The present invention provides superior elevation by using a system of interchangeable pieces to support a limb in an elevated position. The present invention provides the patient with several options. The freestanding base and support may be used to suspend the limb while the patient is either sitting in a chair or lying down. However, when the patient desires elevation while lying supine in bed, a second base, which is designed to be positioned between a mattress and box spring, can be easily substituted for the freestanding base. There are a minimal number of pieces to purchase and to transport or adjust. Furthermore, the system is easy to assemble and disassemble. The preferred embodiment is constructed of lightweight, plastic pipe and connectors such as polyvinyl chloride (PVC) pipe. This material is inexpensive, so that it is feasible for patients to purchase the device and use it in the home. The PVC pipe also allows for easy disinfection of the system by wiping the elevation system with a surfactant or alcohol. This is a useful feature if the patient suffers from post-surgical drainage or for multiple users, in general, such as in a hospital. The present invention combines all of these useful features into one elevation system that is inexpensive, lightweight, portable and easy to use.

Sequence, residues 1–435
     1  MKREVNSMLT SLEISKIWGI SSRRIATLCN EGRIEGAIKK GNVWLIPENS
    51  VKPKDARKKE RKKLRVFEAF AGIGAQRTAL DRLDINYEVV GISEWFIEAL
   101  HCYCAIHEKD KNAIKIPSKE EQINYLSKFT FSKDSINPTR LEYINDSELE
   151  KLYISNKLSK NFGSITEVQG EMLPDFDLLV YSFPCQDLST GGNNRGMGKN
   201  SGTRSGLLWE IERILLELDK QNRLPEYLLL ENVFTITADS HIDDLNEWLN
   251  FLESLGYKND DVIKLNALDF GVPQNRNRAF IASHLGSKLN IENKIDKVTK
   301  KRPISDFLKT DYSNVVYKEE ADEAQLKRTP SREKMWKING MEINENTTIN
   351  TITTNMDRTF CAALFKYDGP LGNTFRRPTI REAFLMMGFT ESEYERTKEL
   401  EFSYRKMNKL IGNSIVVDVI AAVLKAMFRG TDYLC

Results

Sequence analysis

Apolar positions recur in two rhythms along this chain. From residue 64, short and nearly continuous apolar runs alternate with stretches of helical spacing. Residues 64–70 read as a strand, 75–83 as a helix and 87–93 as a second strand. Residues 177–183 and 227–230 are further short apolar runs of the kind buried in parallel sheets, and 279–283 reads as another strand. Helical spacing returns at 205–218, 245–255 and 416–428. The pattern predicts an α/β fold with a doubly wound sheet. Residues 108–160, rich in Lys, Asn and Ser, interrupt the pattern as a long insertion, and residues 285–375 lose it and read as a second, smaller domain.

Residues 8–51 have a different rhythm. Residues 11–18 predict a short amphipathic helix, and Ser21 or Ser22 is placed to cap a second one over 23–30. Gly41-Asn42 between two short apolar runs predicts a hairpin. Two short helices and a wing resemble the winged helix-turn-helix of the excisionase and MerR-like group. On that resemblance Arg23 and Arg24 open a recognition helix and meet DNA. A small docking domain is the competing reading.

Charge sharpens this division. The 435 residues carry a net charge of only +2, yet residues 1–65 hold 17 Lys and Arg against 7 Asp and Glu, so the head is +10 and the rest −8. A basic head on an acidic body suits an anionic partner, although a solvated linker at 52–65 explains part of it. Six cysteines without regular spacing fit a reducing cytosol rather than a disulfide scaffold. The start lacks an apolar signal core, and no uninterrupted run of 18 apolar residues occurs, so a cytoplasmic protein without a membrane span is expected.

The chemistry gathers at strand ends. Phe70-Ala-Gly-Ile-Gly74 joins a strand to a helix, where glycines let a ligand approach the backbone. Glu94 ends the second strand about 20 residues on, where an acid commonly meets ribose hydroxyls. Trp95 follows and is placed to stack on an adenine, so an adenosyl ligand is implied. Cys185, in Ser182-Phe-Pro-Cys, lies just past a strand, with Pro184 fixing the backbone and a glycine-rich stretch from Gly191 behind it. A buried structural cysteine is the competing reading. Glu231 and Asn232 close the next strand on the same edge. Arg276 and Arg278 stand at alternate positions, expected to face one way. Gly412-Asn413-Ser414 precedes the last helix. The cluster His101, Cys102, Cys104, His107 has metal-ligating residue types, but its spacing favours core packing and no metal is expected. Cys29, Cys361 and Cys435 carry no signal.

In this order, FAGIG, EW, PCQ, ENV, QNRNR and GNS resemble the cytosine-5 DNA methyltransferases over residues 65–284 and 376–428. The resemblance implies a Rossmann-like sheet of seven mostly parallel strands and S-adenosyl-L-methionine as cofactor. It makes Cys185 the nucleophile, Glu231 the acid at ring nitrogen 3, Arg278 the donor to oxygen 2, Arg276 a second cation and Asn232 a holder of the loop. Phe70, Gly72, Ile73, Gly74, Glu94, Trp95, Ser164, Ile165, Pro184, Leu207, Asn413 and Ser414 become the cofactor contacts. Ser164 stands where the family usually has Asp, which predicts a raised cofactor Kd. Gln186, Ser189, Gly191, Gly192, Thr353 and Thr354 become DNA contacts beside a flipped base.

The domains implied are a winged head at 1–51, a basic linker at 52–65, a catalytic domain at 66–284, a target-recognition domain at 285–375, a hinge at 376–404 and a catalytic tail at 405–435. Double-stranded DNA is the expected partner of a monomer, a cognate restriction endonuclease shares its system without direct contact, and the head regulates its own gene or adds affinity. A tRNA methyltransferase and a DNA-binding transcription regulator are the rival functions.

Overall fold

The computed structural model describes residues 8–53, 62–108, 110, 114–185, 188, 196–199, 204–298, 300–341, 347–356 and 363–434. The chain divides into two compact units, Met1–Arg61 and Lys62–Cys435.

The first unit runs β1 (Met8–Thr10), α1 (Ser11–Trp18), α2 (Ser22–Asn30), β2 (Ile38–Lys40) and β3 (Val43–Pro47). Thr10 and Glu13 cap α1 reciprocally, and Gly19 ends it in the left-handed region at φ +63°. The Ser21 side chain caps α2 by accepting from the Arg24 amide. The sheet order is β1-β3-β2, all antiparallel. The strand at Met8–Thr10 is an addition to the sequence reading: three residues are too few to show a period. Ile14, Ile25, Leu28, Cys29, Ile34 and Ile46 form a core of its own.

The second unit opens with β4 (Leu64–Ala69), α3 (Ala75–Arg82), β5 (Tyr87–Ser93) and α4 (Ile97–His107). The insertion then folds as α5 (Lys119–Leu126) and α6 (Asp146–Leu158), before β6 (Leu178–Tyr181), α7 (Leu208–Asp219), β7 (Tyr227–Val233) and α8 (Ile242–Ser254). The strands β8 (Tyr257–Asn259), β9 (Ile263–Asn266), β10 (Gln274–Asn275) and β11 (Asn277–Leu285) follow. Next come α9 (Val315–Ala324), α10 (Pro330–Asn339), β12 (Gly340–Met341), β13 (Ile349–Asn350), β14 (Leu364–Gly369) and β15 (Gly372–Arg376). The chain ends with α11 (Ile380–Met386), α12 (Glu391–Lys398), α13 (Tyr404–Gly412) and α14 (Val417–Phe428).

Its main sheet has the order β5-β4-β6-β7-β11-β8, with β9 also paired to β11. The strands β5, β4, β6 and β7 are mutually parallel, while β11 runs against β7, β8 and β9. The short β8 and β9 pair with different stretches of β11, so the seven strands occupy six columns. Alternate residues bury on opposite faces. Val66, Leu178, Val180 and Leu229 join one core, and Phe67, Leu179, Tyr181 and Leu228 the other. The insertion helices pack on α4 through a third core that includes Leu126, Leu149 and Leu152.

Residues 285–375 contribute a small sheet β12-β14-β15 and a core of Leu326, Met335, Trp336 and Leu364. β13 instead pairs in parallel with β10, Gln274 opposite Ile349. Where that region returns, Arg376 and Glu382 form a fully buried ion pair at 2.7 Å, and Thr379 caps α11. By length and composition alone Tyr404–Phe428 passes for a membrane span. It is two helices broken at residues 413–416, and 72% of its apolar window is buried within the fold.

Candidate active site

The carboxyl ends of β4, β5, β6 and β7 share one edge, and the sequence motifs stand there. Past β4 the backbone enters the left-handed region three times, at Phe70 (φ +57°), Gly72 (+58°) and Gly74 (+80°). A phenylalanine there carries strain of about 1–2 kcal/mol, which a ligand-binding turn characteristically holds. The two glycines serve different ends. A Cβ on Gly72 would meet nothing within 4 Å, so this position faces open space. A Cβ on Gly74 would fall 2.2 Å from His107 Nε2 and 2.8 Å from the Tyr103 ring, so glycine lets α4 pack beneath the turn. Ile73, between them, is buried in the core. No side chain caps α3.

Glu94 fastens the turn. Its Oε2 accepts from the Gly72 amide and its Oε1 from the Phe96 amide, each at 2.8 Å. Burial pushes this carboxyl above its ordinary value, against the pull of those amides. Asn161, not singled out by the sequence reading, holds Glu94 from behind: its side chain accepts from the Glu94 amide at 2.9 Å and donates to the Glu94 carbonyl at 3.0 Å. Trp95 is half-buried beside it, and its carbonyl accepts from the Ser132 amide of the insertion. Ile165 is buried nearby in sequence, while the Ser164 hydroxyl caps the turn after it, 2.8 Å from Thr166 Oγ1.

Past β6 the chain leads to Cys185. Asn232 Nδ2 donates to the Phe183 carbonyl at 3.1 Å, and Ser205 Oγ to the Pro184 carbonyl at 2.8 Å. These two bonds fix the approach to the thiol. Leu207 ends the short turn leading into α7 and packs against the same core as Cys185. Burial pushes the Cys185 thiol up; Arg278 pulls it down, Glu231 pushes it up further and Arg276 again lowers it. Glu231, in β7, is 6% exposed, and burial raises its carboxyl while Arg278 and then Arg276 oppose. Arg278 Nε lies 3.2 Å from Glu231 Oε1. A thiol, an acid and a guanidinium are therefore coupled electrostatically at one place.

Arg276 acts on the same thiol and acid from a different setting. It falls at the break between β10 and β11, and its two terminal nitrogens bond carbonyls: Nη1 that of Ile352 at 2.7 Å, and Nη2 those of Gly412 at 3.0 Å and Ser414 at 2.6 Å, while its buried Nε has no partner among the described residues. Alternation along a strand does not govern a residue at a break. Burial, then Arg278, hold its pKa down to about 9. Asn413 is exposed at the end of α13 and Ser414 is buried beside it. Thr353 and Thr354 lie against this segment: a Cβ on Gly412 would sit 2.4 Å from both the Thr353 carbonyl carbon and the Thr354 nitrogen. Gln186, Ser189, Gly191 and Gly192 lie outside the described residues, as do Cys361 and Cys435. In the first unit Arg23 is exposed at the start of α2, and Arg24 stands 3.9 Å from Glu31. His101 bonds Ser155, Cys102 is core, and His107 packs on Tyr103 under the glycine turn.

The present invention provides an elevation system utilizing a sling supported by a pole attached to either a freestanding base or to a horizontal base supported by positioning the base between two flat surfaces such as a mattress and box spring. More specifically, the invention provides a system for limb elevation that is made of lightweight, easily disinfected material, in a design that is vertically adjustable, can be used in a variety of settings, and is collapsible for easy transport and storage.
The embodiment of the present invention results in advantages not provided by medical equipment stands designed for other purposes. The principal advantages of the present invention are that it provides a system, with two interchangeable bases, upon which to hang a sling, and the elevation of the sling can be easily adjusted to a wide variety of positions. The present invention is preferably constructed of lightweight, hollow material such as plastic pipe which makes transporting and disinfecting the equipment easier, while reducing the manufacturing costs so that, in combination with its other advantages, the system is feasible for home use.
It is one object of the present invention to provide a limb elevation system that is vertically adjustable and provides elevation in a variety of positions.